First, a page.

On the Scene: At VinCO

Melinda Tredway, Cassidee Shull and Paola Legarre

John Tierney, Camille Lane and Kip Lintner

Naomi and Steve Smith, Doug Caskey, front, and Brent and Karen Helleckson

Tyler and Carolee Hawkins

Felix Serrano, Beckett Taylor and Brooke and Brad Webb

Bill Dunn, Brittany Dunn Dietrick and Andrew Dietrick

Thomas and Gwen Cameron


I knew this event existed, but I hadn’t realized how important it was to the agriculturists in Colorado.

VinCO, now 4 years old, is a hybrid of the annual convention of the Western Colorado Horticulture Society and the Colorado Association for Viticulture and Enology’s annual conference, its 71st to be exact.

It was a beautiful blending of the two organizations and they shared educational opportunities through the seminars, vendors, panels and tours last week at Two Rivers Convention Center.

Speakers came from as far away as Washington and New York states, Pennsylvania, Texas and Delta. Seminar subjects ranged from irrigation and agri-tourism to raising sheep and making beer.

You didn’t have to be a member of either of these groups to attend the convention. I was impressed.

The event started on Jan. 13 and ended three days later with an evening banquet at the convention center. I was at the conference off and on, vending The Daily Sentinel’s “Drink It In: Wine Guide of Western Colorado” and thought the best time to capture everyone at their best was during the happy hour before the banquet.

Tyler and Carolee Hawkins were waiting in line at the open bar, which stocked full of Colorado wine. Tyler works for American Ag Credit. “I work closely with all these people, I’m so proud to be able to support this industry,” he said. I recommended to them what I was drinking, the Cabernet from Avant Vineyards in Palisade.

A couple I pegged for father-daughter got in line for wine. The moment the sharply dressed farmer looking guy told me his name, I immediately knew who he was, Thomas Cameron of Cameron Place Farms, a former CSA (Community Sustainable Agriculture) farm. Tom was there with his daughter, Gwen Cameron. Gwen was visiting from Vermont where she is an assistant editor for Alpinist Magazine.

When I asked Tom how he liked having the two conventions combined, he remarked, “It sure makes for better wine at the host bar.” Agreed.

Melinda Tredway, Cassidee Shull and Paola Legarre were manning the registration booth in the Atrium. Paola has Sage Creations Organic farm and is a board member for the Western Colorado Horticultural Society. Cassidee is the executive director of the Colorado Association of Viticulture and Enology (CAVE), and Melinda is the administrative assistant for CAVE and volunteer coordinator for Winefest. Nice job on the convention ladies!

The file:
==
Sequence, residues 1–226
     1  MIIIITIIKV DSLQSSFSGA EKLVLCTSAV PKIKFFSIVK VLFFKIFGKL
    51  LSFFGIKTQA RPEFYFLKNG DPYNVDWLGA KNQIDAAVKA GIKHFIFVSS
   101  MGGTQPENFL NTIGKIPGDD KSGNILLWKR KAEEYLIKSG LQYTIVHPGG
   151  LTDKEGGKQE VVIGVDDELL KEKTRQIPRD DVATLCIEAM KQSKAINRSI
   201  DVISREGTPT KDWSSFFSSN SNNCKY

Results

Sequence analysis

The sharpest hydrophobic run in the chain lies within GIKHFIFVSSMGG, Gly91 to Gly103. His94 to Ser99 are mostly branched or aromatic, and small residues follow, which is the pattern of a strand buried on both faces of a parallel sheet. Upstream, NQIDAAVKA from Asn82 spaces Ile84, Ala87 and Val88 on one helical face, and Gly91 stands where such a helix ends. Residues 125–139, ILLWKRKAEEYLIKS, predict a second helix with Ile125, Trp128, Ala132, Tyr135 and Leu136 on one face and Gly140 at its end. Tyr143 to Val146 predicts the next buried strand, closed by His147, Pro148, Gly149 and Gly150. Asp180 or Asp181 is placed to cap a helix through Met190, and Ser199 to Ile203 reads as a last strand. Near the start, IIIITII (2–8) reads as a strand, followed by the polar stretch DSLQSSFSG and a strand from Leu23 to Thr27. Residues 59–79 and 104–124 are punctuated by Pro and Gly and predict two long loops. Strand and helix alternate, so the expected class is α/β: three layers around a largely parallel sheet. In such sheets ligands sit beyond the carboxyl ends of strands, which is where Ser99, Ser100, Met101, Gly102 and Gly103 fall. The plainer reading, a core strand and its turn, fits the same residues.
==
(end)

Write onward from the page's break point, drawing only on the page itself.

I noticed the pretty Brittany Dunn Dietrick walk into the banquet room. I tracked her down and got a photo of her with her father Bill Dunn and her husband, Andrew Dietrick. The Dietricks have five acres in Palisade, three of which are in peaches. Bill helps out in the orchard in a “big way,” and his wife, Rema Dunn, was home watching Andrew and Brittany’s babies. Andrew and Bill attended seminars and were grateful for all the great information.

Things were getting a little rowdy in the hallway, and that’s where I found Naomi and Steve Smith from Grande River Vineyards, and Doug Caskey and Brent and Karen Helleckson, owners and winemakers at Stone Cottage Cellars in Paonia.

Caskey, from Boulder, is the executive director of the Colorado Wine Industry Development Board and has held that position for 14 years. He spoke at a seminar titled “The Economic Contribution of Colorado Wine.”

The convention had a room full of interesting vendors. There were cases of bugs from the CSU Extension, tractors, irrigation pumps and companies that made boxes, bottles, bushel baskets, barrels and books, like us.

John Tierney was there with All Seasons Rentals showcasing its Hotsy pressure washers. John and his Hotsy Posse — Camille Lane and Kip Lintner — provide all manner of equipment to vintners and farmers.

It was time for dinner and I had to scoot out to a Senior Theater rehearsal, but I first wanted to take a photo of two of the impressive young movers and shakers in the industry, Brooke and Brad Webb.

They were busy yukking it up with Beckett Taylor and Felix Serrano of Godot Communications. Godot is CAVE’s creative partner, and Brooke and Brad are co-owners of Mesa Park Vineyards with Brooke’s parents, Patty and Chuck Price.

The Webbs have a vested interest in the Grand Valley, having cashed out from big city careers in Denver with J.P Morgan and moved to Palisade to raise kids and grapes. Brad is running for the Colorado House in District 54 and is Mesa Park’s farmhand.

When not promoting her wine and Palisade, Brooke is a corporate trainer for Bret Pomrenke at Farmer’s Insurance. Both Brooke and Brad like to work hard to ensure a fruitful future for generations to come. They are a great asset to the valley.

Promoting the wine industry, preserving our farmlands and increasing production seemed to be the theme for VinCO. I’m so thankful I was there,

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■ Vote for the artwork to be used for the 2014 Colorado Winefest commemorative poster at a reception from 5:30–7:30 p.m. Friday at the Blue Pig Gallery, 101 S. Third St., in Palisade. There will be wine and hors d’oeuvres at the reception. Info: winecolorado.org, 464-0111.

■ Enjoy lovely voices and piano accompaniment with Bella Epoque: An Evening of Beautiful Songs at 7:30 p.m. Saturday at Two Rives Winery and Chateau, 2087 Broadway. The concert will feature soprano Camille Zamora, mezzo Abigail Fischer and pianist Susan Ellinger. Tickets cost $25. Info: gjsymphony.org, 243-6786.

Check out the calendar in Friday’s Out & About for additional entertainment events.


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